The U.S. Environmental Protection Agency (EPA) has announced its decision to retain the current National Ambient Air Quality Standards (NAAQS) for fine particulate matter (PM2.5) and ozone (O3) under the Clean Air Act. However, the new Biden EPA is all but certain to reevaluate the standards and likely to reach different conclusions.
PM2.5 is a mixture of small liquid or solid particles found in the air that are less than 2.5 micrometers (μm) in aerodynamic diameter. O3 is a reactive gas that is formed through chemical reactions of nitrogen oxides and volatile organic compounds in the atmosphere. Under the CAA, EPA must ensure the ambient standards for both pollutants are established at a level “requisite to protect the public health” with “an adequate margin of safety,” and EPA must review the NAAQS every five years to determine whether the standards should be retained or revised.
In its most recent review of the NAAQS, EPA examined a variety of scientific studies, consulted with the Clean Air Scientific Advisory Committee, and considered nearly 60,000 public comments (relating to the PM2.5 standard) and 50,000 public comments (relating to the O3 standard). With respect to the PM2.5 standard, EPA claimed there were “significant uncertainties” with the scientific evidence supporting revising or strengthening the current PM2.5 standard. With respect to the O3 standard, EPA concluded that “newly available health effects evidence does not differ substantially from that available in the last review when the standard was set.” As a result, EPA determined that the current standards for both PM2.5 and O3 remain protective of public health and welfare and should be retained without revision.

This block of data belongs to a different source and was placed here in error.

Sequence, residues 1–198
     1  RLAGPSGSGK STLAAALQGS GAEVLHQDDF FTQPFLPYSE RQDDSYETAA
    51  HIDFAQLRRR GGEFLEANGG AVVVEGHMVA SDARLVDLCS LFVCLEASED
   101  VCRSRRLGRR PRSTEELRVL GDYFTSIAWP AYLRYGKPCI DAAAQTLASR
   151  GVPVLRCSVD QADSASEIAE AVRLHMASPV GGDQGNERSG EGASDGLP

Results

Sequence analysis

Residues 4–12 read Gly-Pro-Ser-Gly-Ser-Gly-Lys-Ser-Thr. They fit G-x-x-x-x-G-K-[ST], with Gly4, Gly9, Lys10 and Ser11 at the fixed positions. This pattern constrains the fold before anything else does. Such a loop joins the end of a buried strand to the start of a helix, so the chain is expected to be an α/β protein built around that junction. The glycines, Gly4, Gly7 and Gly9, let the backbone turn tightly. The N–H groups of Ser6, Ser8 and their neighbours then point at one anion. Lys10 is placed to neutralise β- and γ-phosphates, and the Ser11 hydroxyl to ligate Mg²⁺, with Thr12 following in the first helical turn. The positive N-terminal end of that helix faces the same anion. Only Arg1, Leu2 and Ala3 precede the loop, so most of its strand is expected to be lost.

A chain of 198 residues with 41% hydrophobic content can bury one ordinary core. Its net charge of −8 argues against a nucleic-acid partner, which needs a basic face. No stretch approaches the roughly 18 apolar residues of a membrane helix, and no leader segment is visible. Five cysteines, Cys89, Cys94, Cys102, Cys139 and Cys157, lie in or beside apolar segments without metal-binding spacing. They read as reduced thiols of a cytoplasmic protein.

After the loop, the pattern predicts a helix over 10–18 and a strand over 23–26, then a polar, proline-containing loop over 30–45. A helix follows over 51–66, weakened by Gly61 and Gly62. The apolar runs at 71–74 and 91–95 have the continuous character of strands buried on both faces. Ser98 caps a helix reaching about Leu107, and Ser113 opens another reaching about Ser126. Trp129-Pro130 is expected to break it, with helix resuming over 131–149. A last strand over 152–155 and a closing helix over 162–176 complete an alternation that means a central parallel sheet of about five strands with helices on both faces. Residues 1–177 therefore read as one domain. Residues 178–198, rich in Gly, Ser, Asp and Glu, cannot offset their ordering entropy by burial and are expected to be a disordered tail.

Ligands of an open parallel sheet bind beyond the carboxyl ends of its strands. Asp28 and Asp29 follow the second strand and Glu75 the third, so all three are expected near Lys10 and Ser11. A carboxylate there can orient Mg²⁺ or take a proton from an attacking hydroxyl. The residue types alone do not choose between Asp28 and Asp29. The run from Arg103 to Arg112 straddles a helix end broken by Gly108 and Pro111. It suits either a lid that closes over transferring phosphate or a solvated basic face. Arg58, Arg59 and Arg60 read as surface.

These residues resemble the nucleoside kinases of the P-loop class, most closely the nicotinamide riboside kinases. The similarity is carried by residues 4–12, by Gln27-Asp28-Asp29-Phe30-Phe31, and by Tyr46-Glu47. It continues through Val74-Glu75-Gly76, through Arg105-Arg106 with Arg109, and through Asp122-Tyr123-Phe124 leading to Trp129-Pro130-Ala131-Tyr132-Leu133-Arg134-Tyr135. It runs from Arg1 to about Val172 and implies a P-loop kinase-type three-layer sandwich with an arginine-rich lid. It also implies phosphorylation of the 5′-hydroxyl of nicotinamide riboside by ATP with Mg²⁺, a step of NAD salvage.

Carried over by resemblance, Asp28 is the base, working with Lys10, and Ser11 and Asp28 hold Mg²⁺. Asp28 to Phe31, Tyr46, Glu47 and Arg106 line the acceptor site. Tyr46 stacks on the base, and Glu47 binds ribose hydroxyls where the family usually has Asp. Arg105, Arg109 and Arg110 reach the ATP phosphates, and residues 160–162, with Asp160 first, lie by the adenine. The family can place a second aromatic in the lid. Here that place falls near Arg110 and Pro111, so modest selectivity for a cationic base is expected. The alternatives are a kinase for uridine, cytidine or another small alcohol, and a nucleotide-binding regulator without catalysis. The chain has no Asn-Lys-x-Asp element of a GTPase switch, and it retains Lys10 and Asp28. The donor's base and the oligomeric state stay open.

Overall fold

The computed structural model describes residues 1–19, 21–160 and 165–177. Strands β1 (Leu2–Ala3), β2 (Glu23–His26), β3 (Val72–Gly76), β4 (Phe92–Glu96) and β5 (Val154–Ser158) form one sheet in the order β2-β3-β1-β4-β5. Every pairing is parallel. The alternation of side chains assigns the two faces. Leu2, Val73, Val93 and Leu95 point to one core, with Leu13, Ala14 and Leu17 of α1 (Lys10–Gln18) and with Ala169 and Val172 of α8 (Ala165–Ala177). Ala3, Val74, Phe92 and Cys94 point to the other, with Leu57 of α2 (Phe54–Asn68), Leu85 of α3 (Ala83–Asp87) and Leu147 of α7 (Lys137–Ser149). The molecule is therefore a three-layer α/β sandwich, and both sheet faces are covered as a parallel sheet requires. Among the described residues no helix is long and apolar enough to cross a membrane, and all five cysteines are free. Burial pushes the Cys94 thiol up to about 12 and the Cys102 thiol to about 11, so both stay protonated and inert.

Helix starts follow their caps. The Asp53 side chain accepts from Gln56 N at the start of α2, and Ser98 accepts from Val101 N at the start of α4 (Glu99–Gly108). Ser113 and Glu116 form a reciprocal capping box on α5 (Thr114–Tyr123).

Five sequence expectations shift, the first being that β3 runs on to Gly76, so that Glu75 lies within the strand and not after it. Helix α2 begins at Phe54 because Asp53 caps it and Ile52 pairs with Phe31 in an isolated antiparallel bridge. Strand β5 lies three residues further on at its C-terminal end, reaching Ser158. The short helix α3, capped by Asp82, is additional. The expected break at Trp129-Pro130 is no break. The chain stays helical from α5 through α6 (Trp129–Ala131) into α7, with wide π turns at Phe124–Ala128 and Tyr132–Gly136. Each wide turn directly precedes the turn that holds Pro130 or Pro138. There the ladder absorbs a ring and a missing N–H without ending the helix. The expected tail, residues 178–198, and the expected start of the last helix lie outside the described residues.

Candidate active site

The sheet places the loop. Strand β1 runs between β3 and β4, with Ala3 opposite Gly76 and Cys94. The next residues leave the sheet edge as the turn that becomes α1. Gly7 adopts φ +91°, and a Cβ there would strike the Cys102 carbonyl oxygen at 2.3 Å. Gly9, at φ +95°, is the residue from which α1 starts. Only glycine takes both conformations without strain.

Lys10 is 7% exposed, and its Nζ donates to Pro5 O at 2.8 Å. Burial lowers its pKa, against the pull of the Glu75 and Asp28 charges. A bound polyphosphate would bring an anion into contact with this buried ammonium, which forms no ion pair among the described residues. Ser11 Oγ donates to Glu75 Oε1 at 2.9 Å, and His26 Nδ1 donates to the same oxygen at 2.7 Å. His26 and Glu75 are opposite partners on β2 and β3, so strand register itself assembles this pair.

Critics of these decisions claim EPA has ignored important scientific evidence linking health effects to air pollution. In particular, these groups cite studies that have linked air pollution to impacts associated with COVID-19. Eighteen states have already brought suit challenging EPA’s decision to retain the PM2.5 standard.
Whether the Biden administration will work to reverse these decisions or simply restart the five-year process of reviewing the standards remains unclear. In issuing its decisions to retain the current standards, EPA made the rules effective immediately, which means the Biden administration may not be able to immediately freeze the decisions like other last-minute rules that are not yet effective. Nevertheless, the new Biden EPA is likely to act quickly to address what is certain to be a high priority for the incoming administration.